“Signs, Signs, everywhere there’s signs,
messin’ up the scenery, breaking’ my mind.”
(The Five Man Electrical Band)
Public gardens welcome curious visitors from all over the world. They enter eager to learn about the land, plants, trees and rocks of a particular place. Many gardens proudly highlight the entrance with an eye catching sign, often nestled among a beautifully landscaped bed of flowers. Once inside, posted signs act as the voice speaking directly to visitors. When it comes to signs everywhere, some are creative offenders and a few are just plain offenders.
Signage reflects the mission and attitudes of the garden as does the Alfred Nicholas Reserve outside Melbourne, Australia where a sign proclaims “Healthy Parks Healthy People.” Others say to visitors “Please walk among the roses” or “Picnics Welcome Here”
In Tacoma, Washington’s Ft. Defiance Park a sign tells the story of Ebenezer Roberts. As the newly appointed Superintendent of Parks in 1890 one of his first acts was to pull up all the “keep off the grass” signs and instruct his crew to burn them. He wanted visitors to fully enjoy the grounds.
Some gardens fall short of welcome by greeting visitors with a long list of things you must not do. I found this garden (named for a widely revered American humorist) empty of visitors on a perfect summer day. I wonder why?
I recognize that gardens and parks differ in purpose and care required. As a passionate plant lover I naively assume everyone will walk with gentle respect. It is reasonable for gardens to gently remind visitors of the best behaviors for the protection of the plants. This can be done in a positive manner like the sign in the Royal Botanic Garden in Sydney Australia, or the “Domain.” There you are greeted with:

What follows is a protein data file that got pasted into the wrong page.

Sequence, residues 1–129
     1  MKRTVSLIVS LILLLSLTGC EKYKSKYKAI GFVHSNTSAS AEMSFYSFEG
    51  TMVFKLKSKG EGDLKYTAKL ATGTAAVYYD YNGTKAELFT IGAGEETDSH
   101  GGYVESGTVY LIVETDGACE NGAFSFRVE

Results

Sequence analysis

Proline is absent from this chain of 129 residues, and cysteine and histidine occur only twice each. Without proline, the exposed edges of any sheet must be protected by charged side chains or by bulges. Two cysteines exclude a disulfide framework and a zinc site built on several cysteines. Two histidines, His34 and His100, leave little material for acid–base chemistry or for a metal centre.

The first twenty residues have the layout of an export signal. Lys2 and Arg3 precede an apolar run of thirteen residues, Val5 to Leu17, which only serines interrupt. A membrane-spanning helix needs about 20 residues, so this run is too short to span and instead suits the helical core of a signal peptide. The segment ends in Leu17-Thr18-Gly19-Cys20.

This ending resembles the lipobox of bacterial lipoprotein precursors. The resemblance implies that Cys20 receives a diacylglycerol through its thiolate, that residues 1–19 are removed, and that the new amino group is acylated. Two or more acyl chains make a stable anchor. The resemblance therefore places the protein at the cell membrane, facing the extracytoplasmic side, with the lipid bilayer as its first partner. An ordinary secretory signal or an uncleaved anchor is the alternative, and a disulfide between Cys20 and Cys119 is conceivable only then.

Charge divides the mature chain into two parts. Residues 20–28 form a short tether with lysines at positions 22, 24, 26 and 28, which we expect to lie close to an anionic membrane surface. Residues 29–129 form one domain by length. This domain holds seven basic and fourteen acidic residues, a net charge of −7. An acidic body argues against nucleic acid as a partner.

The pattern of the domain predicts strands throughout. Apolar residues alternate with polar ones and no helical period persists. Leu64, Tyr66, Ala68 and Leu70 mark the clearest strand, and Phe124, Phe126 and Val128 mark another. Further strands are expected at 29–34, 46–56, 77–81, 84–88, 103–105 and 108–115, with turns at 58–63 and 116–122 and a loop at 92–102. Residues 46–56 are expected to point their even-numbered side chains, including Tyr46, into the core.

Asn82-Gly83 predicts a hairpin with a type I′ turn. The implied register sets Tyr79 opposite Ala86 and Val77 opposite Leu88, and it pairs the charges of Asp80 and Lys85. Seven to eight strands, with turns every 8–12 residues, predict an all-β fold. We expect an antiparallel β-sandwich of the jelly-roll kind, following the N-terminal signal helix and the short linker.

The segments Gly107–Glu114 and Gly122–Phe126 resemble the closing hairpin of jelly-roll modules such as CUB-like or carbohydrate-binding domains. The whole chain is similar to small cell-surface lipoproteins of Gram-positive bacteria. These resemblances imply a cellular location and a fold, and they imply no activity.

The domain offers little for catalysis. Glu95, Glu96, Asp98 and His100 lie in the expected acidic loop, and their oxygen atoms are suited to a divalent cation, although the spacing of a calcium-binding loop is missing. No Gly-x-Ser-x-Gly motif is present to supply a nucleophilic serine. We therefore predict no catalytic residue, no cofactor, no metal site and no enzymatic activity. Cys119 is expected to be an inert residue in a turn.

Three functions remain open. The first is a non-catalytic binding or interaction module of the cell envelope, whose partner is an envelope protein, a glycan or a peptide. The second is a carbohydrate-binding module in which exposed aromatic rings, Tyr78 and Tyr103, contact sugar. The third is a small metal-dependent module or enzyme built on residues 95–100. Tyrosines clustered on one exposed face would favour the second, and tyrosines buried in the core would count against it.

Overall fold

Lively games and large parties are best accommodated in open spaces of a park field.
In some cases the reminder requires much stronger wording to get the point across. I found this wire cage and emphatic signage in a garden near a university in British Columbia. Seriously who goes out to kick and punch trees?
A gentle caution “Please don’t fly kites,they get stuck in the trees” helps provide a guideline with reason. This is the way we have always liked to be cautioned ever since the first parent in our lives said “No,because I said so.”
Some say that signs in gardens take away from the landscape and spoil the beauty of their photo. While that may be true, so much of the signage in public gardens helps visitors appreciate and understand what they are seeing. This signage is frequently bilingual, if you speak Latin and English. Certainly this is an area where gardens could make efforts to provide additional translations for visitors. Reliably around the world garden plant name signs provide a common name, a location of origin and the Latin classification. The world of horticultural classification may have scientific debates, but it has no borders. Today we have our digital cameras at the ready to snap a photo and return home to our local nursery to secure that plant for our garden.
Some gardens like the Dallas Botanical provide garden tips, such as directions for when to prune Azaleas, the history of medicinal plants or cultural significance of a tree planting. One of my favorite signs distinguished the differences between a damsel fly and a dragon fly, appearing just at the moment I wondered aloud of the distinction while wandering in the Chicago Botanical Garden. I particularly like “Ground under repair” as an explanation for why a section of garden is without planting. I‘d like one of those signs in my garden!
Gardens seem to be a wonderfully protected space, yet danger seems to lurk around every curve. Gardens are rightfully concerned about their visitors’ safety. Some cautions seem amusing such as the “Caution Hose Crossing Path Way” or “Caution Lake Edge” and my favorite “Beware of Cactus.” I was baffled the first time I saw a sign warning of “tree failure” but over the years I have seen many warnings about things falling from trees. Trees do drop their limbs, their pine cones, (which can weigh as much as 30 lbs.), as well as cannonballs and coconuts.
I’ve seen many signs in my garden travels and all of them point me to more garden visits, despite the risks. For me, gardens hold a promise of great delight as signs, signs, everywhere there’s signs speak to me during my visit. I’m on my way now as I’m sure there will be frogs, right down this pathway!
Published also as a Guest Rant on Garden Rant!
& on Garden Design newsletter as a blog we love
& Maricopa Master Gardener Newsletter Roots & Shoots Newsletter http://cals.arizona.edu/maricopa/garden/mgcentral/uploads/roots-shootsOctober2016.pdf